Marine First Lt. Brian Chontosh was leading a convoy on March 25, 2003, when Iraqi insurgents suddenly hit it with a complex ambush. Mortars, automatic weapons, and RPGs all began firing onto the beleaguered Marines. Chontosh ordered his vehicle, and its .50-cal, forward. The machine gun cut a path into the enemy ranks, and Chontosh leapt from the vehicle to press the attack.

He emptied his M16 and M9 into the trenches and then picked up two enemy AK-47s and an enemy RPG to keep the kill train going. He was credited with clearing 200 meters of trench and killing 20 enemy soldiers in his Navy Cross citation.

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North Korean tanks destroyed by Air Force napalm sit in craters during the Korean War.

(Air and Space Museum)

6. An Army task force annihilates the armored ambush set against it

During a movement on July 5, 1951, Task Force 777 was ambushed by an armored force of ten tanks supported by infantry and artillery. The cavalry task force, which was the size of a regimental combat team, was likely outnumbered and definitely outgunned, but the commander, Lt. Col. William Harris, organized a counterattack.

The American cavalrymen slaughtered their way through the ambushing forces, knocking out all ten tanks and killing and dispersing the infantry. They destroyed five artillery pieces and twelve trucks before leaving the site.

MIGHTY TRENDING

The new ‘unlimited range’ missile just embarrassed the Russian military

A Russian cruise missile that the country touted as having “practically unlimited” range appears to be falling short, sources with knowledge of a US intelligence report told CNBC.

The cruise missile, which Russian President Vladimir Putin unveiled at a Russian Federal Assembly in March 2018, only flew for around two minutes and traveled 22 miles before it lost control and crashed, CNBC reported May 21, 2018. Another missile test reportedly lasted just four seconds with a distance of five miles.


Russia tested the missile four times between November 2017, and February 2018, at the behest of senior officials, even though engineers voiced doubt over the program, according to CNBC’s sources.

Putin previously touted a new generation of weapons in a presentation that displayed missile trajectories going from Russia to the US. In addition to the cruise missile, Putin teased unmanned underwater drones purportedly capable of carrying a nuclear warhead, and a hypersonic glide vehicle.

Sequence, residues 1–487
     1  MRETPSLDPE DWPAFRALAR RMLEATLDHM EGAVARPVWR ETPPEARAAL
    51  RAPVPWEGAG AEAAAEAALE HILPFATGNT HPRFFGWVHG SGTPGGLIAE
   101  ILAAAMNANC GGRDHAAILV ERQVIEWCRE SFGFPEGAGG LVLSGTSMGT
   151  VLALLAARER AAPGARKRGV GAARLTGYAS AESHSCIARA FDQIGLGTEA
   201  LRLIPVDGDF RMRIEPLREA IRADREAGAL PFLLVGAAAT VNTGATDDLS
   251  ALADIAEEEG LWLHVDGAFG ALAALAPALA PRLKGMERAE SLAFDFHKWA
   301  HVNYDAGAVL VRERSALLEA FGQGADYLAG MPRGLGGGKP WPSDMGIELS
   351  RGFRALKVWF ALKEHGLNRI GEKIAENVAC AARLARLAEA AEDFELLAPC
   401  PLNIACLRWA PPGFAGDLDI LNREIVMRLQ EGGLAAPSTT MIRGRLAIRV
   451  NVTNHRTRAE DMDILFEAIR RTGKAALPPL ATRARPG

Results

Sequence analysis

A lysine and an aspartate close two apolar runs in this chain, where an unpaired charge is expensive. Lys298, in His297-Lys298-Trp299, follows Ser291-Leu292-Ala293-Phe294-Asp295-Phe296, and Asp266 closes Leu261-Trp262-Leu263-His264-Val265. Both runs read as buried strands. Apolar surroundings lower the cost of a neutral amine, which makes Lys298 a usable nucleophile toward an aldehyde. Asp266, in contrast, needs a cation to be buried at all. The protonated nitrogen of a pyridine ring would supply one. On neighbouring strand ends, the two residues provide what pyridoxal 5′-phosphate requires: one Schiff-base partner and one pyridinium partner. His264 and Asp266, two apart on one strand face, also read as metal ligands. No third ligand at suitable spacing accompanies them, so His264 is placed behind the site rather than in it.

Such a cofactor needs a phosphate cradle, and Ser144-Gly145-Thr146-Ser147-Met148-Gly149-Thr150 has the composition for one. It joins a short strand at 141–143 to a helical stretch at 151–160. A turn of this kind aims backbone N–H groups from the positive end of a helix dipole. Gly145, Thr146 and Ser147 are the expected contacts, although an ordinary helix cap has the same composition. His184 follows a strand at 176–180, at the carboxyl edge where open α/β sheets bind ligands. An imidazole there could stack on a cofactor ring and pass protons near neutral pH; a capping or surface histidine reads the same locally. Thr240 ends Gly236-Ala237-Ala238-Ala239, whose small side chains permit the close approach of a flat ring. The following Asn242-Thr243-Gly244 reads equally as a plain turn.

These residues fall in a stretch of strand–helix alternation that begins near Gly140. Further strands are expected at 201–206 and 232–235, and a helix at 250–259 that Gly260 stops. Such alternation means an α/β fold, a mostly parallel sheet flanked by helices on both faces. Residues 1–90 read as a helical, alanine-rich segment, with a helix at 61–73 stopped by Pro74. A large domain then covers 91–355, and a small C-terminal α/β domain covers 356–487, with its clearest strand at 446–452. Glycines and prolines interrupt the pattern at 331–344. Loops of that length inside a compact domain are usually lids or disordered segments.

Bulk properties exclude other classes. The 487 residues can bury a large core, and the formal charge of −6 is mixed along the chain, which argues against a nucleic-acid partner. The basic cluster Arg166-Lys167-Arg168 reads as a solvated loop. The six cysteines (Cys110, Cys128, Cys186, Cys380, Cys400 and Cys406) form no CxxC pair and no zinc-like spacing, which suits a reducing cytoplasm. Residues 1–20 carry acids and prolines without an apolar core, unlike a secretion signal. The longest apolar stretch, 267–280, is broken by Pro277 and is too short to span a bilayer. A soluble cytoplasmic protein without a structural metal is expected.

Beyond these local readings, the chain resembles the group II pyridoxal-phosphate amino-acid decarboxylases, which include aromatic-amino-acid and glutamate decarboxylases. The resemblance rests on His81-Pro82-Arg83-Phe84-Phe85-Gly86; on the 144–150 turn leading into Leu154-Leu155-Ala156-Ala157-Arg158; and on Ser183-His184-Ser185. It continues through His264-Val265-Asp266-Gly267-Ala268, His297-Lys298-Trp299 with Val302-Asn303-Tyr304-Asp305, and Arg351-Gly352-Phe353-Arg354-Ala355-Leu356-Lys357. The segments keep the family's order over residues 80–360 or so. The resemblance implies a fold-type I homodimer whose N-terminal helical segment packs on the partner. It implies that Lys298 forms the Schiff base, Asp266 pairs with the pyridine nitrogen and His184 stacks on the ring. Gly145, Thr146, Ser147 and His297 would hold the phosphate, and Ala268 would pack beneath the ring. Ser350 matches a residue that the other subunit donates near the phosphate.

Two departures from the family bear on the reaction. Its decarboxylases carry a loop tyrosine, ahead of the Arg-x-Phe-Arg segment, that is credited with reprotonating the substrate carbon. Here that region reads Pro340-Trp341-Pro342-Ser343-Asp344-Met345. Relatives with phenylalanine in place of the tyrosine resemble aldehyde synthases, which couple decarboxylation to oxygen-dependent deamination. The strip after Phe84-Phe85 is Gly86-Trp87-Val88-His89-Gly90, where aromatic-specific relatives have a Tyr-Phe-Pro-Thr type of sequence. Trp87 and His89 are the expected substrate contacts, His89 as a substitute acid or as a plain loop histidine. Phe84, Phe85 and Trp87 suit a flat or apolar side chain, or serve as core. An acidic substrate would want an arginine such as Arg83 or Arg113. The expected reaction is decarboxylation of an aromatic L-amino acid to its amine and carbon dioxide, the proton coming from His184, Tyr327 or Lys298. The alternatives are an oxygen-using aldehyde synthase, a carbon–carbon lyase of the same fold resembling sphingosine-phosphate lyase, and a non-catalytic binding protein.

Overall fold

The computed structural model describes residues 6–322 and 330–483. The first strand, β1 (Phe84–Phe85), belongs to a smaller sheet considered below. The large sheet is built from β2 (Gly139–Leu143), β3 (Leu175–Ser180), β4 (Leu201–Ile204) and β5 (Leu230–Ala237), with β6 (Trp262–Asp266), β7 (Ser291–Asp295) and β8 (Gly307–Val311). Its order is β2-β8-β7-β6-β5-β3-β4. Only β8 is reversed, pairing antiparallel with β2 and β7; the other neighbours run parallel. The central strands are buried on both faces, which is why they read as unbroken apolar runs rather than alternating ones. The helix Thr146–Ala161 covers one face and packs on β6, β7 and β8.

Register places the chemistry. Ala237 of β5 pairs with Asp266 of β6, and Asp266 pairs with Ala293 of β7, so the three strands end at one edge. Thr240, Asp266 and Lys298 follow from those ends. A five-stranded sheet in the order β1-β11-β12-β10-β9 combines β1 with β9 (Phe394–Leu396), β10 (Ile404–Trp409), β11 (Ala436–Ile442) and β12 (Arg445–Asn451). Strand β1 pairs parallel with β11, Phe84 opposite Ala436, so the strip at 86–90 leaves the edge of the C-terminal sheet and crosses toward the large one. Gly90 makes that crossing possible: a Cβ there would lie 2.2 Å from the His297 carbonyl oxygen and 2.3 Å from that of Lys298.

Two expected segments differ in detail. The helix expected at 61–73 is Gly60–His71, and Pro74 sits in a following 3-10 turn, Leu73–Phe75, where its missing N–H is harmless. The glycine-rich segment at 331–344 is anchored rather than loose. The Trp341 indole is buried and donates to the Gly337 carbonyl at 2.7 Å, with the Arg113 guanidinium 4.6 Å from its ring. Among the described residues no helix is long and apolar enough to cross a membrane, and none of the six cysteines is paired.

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graphic showingu00a0an ICBM payload in space.

“I want to tell all those who have fueled the arms race over the last 15 years, sought to win unilateral advantages over Russia, introduced unlawful sanctions aimed to contain our country’s development: All what you wanted to impede with your policies have already happened,” Putin said in a speech. “You have failed to contain Russia.”

Russia’s cruise missile capabilities may have missed the mark, but sources said it succeeded in other aspects. The hypersonic glide vehicle, which is believed to be able to travel five times the speed of sound, would render US countermeasures useless and could become operational by 2020, according to CNBC.

“We don’t have any defense that could deny the employment of such a weapon against us,” US Air Force General John Hyten, the commander of US Strategic Command, said at a Senate Armed Services Committee hearing in March 2018.

This article originally appeared on Business Insider. Follow @BusinessInsider on Twitter.

MIGHTY HISTORY

This is the story of the last AC-130 lost in combat

Spirit 03 is a revered name in the AFSOC community, often spoken of in hushed and pained tones. It was the call sign of the last AC-130 gunship shot down in combat.

The story of Spirit 03, whilst sad, was also one of heroism — the kind you’d find in the US Air Force Special Operations Command community. It was a story of American airmen putting the lives of their brothers in arms engaged in grueling ground combat above their own.